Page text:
Kim Nam-gil uses his fame for good : Working with the NGO Gilstory, the actor hopes to help others find peace

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Kim Nam-gil uses his fame for good : Working with the NGO Gilstory, the actor hopes to help others find peace

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Actor Kim Nam-gil tells stories about roads through a non-profit organization he set up. He says it’s a humble yet mighty movement, adding that “arts cannot save poverty, but arts can console.” [KWON HYUK-JAE]

Actor Kim Nam-gil is known for his handsome face and charismatic roles.

He is currently promoting the disaster flick he stars in, “Pandora,” but there is also another project that he wants the world to know about.

It’s called Gilstory, and it is a non-profit culture and arts organization he founded and registered last year. Together with about 100 photographers, musicians, artists and other specialists, the organization produces content, often related to cultural heritage sites, in the hopes of giving people peace of mind. In addition to the content it produces, Gilstory has also raised funds for causes it believes in.

“I deliberated on what I do best and how I can help people with my talent,” he told JoongAng Ilbo in a recent interview. “Through the content we make, I hope to generate some warmth and console people in a society that’s at times heartless.”

The organization’s main project is uploading video and audio guides of historic alleys in Seoul as well as the road along the Seoul Wall (otherwise known as Hanyang Fortress) on the website of his foundation. The website is dubbed “Gilstory: The Stories of People I Met Along the Way.” Gil, in Korean, means the road or way.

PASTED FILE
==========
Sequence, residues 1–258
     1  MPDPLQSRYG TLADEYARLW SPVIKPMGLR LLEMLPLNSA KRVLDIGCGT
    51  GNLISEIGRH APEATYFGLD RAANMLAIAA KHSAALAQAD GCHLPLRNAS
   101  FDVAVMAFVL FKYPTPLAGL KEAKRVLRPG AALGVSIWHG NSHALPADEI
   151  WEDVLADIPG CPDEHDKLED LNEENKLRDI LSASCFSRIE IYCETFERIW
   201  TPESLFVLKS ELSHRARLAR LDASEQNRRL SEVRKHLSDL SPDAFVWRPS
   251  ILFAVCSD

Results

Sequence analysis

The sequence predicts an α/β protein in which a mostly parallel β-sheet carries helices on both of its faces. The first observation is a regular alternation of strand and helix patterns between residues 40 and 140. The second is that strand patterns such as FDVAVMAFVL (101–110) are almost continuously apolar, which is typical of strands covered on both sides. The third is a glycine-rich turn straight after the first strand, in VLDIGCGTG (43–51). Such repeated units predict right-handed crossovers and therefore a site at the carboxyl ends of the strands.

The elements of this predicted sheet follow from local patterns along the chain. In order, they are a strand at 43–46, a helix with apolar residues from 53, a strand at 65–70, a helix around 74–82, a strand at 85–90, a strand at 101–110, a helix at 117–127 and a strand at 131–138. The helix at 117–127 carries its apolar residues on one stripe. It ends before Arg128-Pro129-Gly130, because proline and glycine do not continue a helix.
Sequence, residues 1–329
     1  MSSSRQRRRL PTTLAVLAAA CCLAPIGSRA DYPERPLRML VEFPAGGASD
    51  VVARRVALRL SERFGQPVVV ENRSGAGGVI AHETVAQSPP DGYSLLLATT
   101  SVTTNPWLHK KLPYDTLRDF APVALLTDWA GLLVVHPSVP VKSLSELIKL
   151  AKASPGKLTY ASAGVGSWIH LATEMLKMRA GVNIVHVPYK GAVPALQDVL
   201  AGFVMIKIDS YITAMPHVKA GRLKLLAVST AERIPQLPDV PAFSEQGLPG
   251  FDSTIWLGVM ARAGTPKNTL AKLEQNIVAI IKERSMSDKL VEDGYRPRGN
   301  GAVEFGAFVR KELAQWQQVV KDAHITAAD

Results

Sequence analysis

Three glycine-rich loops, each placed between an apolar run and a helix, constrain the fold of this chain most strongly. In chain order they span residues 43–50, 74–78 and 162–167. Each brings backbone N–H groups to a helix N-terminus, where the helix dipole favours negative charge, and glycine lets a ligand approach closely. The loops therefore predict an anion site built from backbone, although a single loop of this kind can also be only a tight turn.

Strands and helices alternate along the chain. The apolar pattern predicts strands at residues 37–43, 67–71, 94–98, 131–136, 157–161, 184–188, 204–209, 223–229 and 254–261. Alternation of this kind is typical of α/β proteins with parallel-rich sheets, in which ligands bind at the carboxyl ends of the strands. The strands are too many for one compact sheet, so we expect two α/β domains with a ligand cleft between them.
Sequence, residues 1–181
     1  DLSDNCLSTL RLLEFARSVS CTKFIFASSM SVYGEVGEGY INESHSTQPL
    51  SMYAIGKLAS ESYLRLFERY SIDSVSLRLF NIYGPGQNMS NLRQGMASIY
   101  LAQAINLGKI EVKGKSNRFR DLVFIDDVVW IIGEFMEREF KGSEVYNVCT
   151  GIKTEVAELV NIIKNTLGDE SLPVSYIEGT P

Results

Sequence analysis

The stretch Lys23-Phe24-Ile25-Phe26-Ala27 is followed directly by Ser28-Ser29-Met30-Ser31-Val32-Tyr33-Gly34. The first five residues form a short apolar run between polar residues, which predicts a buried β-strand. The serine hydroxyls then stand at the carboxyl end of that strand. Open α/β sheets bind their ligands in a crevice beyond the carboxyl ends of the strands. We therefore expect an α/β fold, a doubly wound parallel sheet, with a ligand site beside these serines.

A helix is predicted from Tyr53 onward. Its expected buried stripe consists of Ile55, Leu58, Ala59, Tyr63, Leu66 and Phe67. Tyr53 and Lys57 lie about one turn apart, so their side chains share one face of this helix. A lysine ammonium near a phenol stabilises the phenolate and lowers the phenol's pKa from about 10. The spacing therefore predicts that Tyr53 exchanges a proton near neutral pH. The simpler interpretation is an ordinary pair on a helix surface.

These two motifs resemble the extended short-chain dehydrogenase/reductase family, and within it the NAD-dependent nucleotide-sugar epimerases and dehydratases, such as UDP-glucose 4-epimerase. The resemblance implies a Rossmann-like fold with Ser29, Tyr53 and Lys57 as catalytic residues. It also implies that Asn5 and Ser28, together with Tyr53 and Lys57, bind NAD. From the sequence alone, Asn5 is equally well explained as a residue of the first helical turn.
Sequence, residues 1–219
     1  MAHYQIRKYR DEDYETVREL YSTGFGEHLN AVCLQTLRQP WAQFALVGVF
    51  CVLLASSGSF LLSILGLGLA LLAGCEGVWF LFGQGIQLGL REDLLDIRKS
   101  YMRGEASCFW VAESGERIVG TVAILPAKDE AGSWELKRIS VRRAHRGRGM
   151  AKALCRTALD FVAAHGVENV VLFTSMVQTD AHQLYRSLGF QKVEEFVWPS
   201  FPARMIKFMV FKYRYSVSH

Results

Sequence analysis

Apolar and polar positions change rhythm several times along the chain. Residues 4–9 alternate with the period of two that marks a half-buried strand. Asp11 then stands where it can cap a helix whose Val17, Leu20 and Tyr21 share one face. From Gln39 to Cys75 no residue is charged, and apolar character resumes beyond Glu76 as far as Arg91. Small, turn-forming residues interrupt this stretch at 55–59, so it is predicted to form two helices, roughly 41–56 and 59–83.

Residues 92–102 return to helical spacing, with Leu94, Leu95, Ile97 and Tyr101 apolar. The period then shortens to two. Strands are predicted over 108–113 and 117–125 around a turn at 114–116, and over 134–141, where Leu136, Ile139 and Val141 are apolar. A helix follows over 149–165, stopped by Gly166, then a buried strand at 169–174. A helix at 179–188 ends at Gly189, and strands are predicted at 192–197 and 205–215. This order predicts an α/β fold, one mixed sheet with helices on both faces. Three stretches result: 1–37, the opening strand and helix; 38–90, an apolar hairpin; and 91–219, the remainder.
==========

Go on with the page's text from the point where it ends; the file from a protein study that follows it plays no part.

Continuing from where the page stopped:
Currently there are about 140 uploads, most of which features Kim on screen or as a narrator.

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Gilstory’s website [SCREEN CAPTURE]

So what prompted Kim to join a NGO?

The calling came from the most unexpected place. “After filming ‘Queen Seondeok’ in 2010, I visited Indonesia, which was hit by an earthquake, to do charity work,” he said. His work was to be featured in a documentary.

“It was heartbreaking to see how people’s basic needs could not be fulfilled. And as I did my charity work, a camera followed me everywhere and it really made me uncomfortable. However, after the documentary aired, a large amount of funds were raised and I gave a second thought to actors’ fame and influence and the changes they can make.”

Geum Yun-gyeong, a publicist who actually accompanied Kim to Indonesia is now a vice executive of Gilstory. Composer Mun Il-o; artist Lee Soung-soo; visual arts producer Ji Eun-seok are some other people that joined the organization. Former culture minister Yoo Jin-ryong is acting as an adviser.

But it’s true that what Gilstory does and its effects are hard to measure.

In 2013, it raised 35 million won ($30,000) in funds to help people displaced by a typhoon in the Philippines and recently, through crowdfunding it raised 19 million won to help preserve the Seoul Wall.

The Joseon Dynasty (1392-1910) built a 18 kilometer (11 mile) long fortress, but today it’s severed and many parts of it are gone. The Korean government is hoping to restore the fortress and also to register it as a Unesco cultural property.

There are about 700 items that volunteers have uploaded on the organization’s website and about 32,000 people visit the website on average each day.

“Whenever I get an email that a video on the website helped them somehow, it feels so rewarding,” he said. Kim has so far invested 350 million won into the organization out of his own pocket. He feels that he is getting more from what he has given.

“I feel that I have matured through the works of Gilstory. I am grateful everyday,” he added.

BY LEE JI-YOUNG [hkim@joongang.co.kr]

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